Update: The code shown here creates a single Calculator object. What if you need to create multiple instances of a given object in the same page though? This post details how to accomplish that.

Demos of all the patterns covered in this series can be downloaded below.

Download Code



Pluralsight Course - Structuring JavaScript Code in HTML5 Applications

If you're interested in additional information about structuring JavaScript code check out my Pluralsight course. Here's a sample from the course covering closures.

Demo - Working with Closures in JavaScript




Published Tuesday, August 2, 2011 4:20 PM by dwahlin

Comments

# re: Techniques, Strategies and Patterns for Structuring JavaScript Code–Revealing Module Pattern

Wednesday, August 3, 2011 6:38 AM by Scott Galloway

Lovely, been doing this for a while now as espoused by Javascript:The Good parts :)

# re: Techniques, Strategies and Patterns for Structuring JavaScript Code–Revealing Module Pattern

Wednesday, August 3, 2011 11:24 AM by JB

Thanks for taking the time to write this series. This is great.

# re: Techniques, Strategies and Patterns for Structuring JavaScript Code–Revealing Module Pattern

Wednesday, August 3, 2011 12:09 PM by Elijah Manor

Thanks Dan for adding the post for me... I'm not sure why it wasn't letting me do it ;)

# re: Techniques, Strategies and Patterns for Structuring JavaScript Code–Revealing Module Pattern

Wednesday, August 3, 2011 1:44 PM by Roger Martin

Can the Revealing Module Pattern pattern handle multiple instances on a page? With the prototype pattern, you just new up as many instances as you need. But - based on your example - the Revealing Module Pattern pattern looks more like a static class where you are limited to one instance on a page.

-Roger

# re: Techniques, Strategies and Patterns for Structuring JavaScript Code–Revealing Module Pattern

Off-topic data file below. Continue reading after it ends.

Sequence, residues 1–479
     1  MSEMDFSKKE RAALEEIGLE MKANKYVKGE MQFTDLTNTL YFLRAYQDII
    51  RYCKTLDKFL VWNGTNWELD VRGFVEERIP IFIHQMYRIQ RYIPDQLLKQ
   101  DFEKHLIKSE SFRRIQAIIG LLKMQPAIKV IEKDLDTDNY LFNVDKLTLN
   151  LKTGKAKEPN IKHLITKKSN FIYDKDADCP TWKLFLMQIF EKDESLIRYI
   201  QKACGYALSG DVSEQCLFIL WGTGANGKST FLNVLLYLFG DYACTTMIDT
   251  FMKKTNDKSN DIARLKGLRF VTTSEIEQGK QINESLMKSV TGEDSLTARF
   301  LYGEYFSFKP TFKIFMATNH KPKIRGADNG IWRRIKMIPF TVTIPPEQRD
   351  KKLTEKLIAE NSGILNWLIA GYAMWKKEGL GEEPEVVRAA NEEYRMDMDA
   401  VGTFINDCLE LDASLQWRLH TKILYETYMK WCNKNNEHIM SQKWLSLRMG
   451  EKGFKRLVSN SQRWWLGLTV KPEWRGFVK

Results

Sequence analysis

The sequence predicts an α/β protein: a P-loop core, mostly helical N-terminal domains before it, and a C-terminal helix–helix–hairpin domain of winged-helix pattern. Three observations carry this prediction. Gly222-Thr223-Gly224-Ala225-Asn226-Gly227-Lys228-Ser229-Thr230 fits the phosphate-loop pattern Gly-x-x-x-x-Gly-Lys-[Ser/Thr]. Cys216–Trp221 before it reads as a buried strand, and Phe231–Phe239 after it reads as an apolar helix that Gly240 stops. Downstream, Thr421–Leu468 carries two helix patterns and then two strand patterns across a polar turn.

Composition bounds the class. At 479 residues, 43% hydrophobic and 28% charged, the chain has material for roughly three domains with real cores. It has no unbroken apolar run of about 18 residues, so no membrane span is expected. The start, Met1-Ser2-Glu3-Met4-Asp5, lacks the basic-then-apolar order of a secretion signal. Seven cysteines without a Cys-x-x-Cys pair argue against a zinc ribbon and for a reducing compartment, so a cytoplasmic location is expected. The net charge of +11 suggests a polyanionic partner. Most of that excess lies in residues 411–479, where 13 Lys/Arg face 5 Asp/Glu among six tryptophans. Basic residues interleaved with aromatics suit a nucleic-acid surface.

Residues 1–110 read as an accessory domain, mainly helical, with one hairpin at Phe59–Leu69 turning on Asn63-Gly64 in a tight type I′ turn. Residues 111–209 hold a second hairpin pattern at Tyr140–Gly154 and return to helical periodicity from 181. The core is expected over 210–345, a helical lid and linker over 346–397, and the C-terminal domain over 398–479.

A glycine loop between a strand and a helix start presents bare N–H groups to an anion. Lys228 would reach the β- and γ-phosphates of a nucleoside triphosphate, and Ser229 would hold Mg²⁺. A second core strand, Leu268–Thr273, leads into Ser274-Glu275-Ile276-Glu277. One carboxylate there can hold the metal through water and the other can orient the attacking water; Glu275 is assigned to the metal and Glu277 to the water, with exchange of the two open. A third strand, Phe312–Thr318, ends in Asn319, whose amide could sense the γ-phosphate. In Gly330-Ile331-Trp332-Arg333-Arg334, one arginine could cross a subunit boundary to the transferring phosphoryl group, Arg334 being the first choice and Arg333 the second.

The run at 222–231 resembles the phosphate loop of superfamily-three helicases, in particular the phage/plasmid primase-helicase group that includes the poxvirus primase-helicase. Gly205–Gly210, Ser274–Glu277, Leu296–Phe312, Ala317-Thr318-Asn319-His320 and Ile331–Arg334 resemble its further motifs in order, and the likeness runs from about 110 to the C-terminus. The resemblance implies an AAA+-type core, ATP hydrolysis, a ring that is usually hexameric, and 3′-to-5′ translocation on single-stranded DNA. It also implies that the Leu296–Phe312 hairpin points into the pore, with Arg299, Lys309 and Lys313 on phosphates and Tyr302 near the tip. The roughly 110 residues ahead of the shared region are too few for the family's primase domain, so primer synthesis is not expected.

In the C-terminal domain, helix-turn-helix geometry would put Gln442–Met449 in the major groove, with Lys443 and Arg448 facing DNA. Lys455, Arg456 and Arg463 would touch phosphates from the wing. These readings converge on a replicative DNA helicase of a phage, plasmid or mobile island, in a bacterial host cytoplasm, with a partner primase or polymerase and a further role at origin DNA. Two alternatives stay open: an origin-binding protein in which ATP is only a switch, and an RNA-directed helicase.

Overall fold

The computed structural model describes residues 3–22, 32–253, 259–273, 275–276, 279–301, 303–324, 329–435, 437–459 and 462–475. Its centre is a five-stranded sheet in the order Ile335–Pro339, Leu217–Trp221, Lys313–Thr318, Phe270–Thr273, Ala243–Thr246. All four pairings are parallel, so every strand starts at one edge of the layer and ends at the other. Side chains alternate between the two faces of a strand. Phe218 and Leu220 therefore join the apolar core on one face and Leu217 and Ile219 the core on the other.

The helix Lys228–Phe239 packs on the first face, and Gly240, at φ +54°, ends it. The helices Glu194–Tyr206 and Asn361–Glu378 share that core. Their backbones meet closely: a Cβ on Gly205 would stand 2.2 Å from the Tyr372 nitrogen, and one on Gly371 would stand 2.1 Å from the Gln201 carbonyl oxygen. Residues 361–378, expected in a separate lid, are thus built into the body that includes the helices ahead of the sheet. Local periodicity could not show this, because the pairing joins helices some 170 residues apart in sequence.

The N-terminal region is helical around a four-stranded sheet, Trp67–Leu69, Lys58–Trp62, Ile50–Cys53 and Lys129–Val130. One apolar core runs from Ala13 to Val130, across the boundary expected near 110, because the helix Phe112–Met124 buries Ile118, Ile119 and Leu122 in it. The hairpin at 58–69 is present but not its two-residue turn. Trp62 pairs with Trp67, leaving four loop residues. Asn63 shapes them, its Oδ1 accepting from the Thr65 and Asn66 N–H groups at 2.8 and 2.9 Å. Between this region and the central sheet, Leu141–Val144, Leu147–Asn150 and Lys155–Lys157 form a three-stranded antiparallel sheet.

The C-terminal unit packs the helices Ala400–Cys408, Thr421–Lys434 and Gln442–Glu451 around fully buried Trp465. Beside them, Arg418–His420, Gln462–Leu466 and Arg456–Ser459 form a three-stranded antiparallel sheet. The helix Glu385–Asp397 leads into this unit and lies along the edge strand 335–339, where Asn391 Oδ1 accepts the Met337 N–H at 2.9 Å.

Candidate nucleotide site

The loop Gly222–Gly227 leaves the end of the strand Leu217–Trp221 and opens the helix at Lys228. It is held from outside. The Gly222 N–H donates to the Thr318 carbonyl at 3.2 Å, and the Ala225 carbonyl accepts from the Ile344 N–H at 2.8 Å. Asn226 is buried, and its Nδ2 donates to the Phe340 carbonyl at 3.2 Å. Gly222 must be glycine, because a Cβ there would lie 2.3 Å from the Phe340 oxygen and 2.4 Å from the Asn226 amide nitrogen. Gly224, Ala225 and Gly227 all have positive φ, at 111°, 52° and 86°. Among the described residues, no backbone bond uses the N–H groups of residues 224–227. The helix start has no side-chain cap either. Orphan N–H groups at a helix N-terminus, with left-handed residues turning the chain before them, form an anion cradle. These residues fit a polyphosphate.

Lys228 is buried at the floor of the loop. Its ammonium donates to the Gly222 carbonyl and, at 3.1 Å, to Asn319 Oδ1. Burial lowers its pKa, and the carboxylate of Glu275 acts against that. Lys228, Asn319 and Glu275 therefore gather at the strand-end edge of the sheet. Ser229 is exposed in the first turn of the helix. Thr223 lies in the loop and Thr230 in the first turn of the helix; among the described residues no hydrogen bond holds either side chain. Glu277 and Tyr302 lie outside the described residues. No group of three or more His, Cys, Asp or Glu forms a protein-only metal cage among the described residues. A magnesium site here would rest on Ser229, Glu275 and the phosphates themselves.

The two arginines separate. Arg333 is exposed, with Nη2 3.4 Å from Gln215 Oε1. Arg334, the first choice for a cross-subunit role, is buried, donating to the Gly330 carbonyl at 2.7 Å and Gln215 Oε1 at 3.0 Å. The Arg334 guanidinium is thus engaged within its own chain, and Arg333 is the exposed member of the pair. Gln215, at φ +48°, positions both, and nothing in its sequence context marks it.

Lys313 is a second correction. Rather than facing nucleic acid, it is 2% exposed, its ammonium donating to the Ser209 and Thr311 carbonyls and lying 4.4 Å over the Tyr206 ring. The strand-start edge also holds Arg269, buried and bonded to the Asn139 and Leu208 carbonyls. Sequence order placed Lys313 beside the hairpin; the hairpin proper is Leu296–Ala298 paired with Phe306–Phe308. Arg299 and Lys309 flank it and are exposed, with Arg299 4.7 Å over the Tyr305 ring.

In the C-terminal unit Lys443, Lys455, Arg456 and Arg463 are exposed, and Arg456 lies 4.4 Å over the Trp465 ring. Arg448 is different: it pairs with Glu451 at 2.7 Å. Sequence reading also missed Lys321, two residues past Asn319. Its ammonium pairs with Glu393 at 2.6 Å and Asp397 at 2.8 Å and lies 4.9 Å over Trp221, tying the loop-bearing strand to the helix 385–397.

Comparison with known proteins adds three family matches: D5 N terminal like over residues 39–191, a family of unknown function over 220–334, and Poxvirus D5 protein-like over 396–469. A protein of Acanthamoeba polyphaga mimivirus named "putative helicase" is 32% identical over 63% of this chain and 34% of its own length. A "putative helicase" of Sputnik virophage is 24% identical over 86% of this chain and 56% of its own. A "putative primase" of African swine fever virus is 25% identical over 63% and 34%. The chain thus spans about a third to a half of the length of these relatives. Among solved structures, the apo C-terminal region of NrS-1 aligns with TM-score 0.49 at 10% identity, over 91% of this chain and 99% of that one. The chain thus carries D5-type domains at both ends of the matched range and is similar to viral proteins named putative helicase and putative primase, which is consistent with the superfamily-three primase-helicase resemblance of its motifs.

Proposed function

Sunday, August 7, 2011 1:13 PM by dwahlin

Roger: Since an object instance is created as the script is loaded it wouldn't work when you wanted multiple instances. However, you can remove the last two () and then do something like this to create multiple instances:

var myCalc = Calculator();

myCalc.init(val,val2);

Dan

# re: Revealing Module Pattern - Techniques, Strategies and Patterns for Structuring JavaScript Code

Wednesday, August 31, 2011 12:52 PM by Keith Chadwick

While defining a variable as name = function(){} does imply a var statement and the scope is within the base function it is still good habit to put a var [name]= function(){} as it is more explicit and allows for better readability.  Not to mention some day in the future where not having the var declaration could cause collisions with global scoped objects.

# re: Revealing Module Pattern - Techniques, Strategies and Patterns for Structuring JavaScript Code

Wednesday, August 31, 2011 2:42 PM by dwahlin

Keith: Thanks for commenting. All of the variables are separated with a comma allowing var to be used just once. As a result, they're not in the global scope even if they were moved outside of the containing function. It's a common pattern a lot of JavaScript developers are doing now although some people don't like it since at first glance makes some variables look like they're in the global scope - not the case here though.

Some people prefer to explicitly put var in front of each definition, but by separating the vars with commas you can eliminate the need for that and keep some of the var clutter out of a script. As long as commas are used (as opposed to semi-colons) it all boils down to the same thing. At that point it's just personal preference. I cover that general topic at the bottom of the first post on this series: weblogs.asp.net/.../techniques-strategies-and-patterns-for-structuring-javascript-code.aspx

# Techniques, Strategies and Patterns for Structuring JavaScript Code

Sunday, September 1, 2013 2:16 PM by Dan Wahlin

JavaScript has come a long way since the mid-90s when I first started working with it in Netscape 3 and